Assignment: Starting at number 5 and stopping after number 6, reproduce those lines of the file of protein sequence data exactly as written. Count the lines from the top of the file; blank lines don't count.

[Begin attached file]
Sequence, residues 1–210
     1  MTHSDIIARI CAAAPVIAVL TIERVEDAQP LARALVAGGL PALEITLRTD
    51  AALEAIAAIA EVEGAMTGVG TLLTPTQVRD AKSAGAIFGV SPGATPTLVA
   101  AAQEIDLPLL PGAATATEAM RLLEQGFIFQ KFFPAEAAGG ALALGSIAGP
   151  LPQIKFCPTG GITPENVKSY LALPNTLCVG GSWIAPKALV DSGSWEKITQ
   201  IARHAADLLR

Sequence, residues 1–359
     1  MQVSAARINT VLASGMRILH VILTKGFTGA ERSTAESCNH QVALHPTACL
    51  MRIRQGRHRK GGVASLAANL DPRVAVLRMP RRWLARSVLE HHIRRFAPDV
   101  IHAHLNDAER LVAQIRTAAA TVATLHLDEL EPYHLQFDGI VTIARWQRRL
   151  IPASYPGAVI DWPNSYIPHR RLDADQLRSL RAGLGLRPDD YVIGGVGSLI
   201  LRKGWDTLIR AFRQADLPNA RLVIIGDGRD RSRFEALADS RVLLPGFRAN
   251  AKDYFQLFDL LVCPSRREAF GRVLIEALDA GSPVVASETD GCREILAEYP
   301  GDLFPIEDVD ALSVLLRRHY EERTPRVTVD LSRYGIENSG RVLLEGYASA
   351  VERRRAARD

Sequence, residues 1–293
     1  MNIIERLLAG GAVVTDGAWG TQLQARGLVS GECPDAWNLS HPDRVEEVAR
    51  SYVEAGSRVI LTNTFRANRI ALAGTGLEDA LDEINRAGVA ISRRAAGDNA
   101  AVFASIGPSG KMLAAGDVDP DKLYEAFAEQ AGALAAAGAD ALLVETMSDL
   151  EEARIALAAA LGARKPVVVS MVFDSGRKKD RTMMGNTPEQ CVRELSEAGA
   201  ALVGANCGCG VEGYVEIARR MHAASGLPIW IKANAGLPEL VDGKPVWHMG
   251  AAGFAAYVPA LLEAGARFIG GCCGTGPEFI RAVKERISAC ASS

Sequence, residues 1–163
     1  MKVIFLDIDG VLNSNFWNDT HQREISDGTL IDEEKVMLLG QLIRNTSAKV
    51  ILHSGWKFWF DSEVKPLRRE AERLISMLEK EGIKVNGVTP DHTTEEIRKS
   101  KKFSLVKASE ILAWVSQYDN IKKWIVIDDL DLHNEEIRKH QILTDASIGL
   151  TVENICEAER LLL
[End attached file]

   151  LPQIKFCPTG GITPENVKSY LALPNTLCVG GSWIAPKALV DSGSWEKITQ
   201  IARHAADLLR